But who cares? Agastache foeniculum, AKA anise hyssop or blue giant hyssop, has been one of the success stories of our new lawn strip garden. (Given my haphazard record-keeping, I cannot remember if our plant is the straight species or the short cultivar "Honey Bee Blue," but I suspect the latter.) In any sunny area that is not waterlogged, this plant is foolproof. I love the red western agastache species and hybrids, but our damp winters often do them in. Our eastern native is made of sterner stuff.
This member of the mint family is not an immediate attention-grabber. It has nice serrated leaves, nice but not spectacular color, and a pleasant scent, but not one that wafts; the leaves need to be bruised to release the anise scent that gives the plant one of its common names. However, it starts blooming with the midsummer daisies and is still going now after most of the asters have finished. It grows in sand, clay, and actual soil, and asks for no water, though it has no problem with rain or snow. It plays well with others, forming steadily-growing clumps that, unlike those of its distant cousin wild ageratum, do not become invasive.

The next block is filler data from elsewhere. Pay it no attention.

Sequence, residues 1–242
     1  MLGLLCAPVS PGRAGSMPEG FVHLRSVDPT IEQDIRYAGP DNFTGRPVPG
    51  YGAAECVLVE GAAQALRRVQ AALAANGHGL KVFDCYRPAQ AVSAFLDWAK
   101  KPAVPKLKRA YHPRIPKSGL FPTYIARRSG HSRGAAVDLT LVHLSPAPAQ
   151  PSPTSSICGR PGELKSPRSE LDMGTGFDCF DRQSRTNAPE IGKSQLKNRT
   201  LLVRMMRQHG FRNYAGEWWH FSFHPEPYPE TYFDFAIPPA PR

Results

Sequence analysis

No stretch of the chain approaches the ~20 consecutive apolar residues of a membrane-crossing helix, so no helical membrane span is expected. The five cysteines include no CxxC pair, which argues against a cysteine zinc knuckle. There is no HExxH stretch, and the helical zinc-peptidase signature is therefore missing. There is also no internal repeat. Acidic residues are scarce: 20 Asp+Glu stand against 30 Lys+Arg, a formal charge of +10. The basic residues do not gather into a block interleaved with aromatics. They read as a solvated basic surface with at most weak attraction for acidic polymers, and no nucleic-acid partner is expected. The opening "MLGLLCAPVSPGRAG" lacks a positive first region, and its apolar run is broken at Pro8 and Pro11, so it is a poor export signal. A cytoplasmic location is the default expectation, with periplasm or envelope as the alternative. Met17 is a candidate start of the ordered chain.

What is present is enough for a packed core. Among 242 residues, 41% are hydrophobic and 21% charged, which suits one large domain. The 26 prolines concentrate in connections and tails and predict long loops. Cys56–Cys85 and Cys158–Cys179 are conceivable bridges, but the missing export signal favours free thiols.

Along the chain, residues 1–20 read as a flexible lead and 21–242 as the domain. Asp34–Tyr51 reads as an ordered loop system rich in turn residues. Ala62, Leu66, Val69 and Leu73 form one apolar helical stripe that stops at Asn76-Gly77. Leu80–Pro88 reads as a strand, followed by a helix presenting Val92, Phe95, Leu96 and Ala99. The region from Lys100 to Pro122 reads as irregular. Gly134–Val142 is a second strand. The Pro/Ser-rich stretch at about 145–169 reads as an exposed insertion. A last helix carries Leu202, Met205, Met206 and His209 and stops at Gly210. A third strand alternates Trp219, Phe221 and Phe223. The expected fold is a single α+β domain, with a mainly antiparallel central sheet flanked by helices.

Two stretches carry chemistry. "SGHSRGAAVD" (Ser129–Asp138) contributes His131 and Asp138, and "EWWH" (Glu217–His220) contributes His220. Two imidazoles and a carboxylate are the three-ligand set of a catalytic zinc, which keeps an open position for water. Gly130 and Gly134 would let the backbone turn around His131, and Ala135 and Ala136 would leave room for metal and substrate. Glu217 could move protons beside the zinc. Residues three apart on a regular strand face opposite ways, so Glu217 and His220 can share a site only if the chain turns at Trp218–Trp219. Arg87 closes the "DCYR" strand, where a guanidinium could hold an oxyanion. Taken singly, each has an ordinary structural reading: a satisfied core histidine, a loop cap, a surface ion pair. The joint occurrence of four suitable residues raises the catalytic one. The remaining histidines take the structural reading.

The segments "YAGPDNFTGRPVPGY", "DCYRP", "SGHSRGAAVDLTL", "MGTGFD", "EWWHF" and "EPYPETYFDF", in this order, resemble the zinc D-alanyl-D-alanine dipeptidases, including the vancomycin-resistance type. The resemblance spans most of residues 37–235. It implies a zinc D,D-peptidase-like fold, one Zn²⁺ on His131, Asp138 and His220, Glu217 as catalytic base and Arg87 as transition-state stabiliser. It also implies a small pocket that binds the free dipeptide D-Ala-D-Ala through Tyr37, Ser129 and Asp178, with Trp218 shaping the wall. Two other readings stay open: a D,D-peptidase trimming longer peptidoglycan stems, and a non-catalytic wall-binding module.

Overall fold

And it is a pollinator magnet. On an ordinary afternoon last week, our single plant was loaded with bumblebees (whom the unfortunate light conditions would not allow me to photograph), and a female monarch, who seemed determined to visit every blossom on the plant while tanking up for her long flight to Mexico.
Here's hoping that the goldfinches visit to get the seeds. I'm not ready for the show to be over.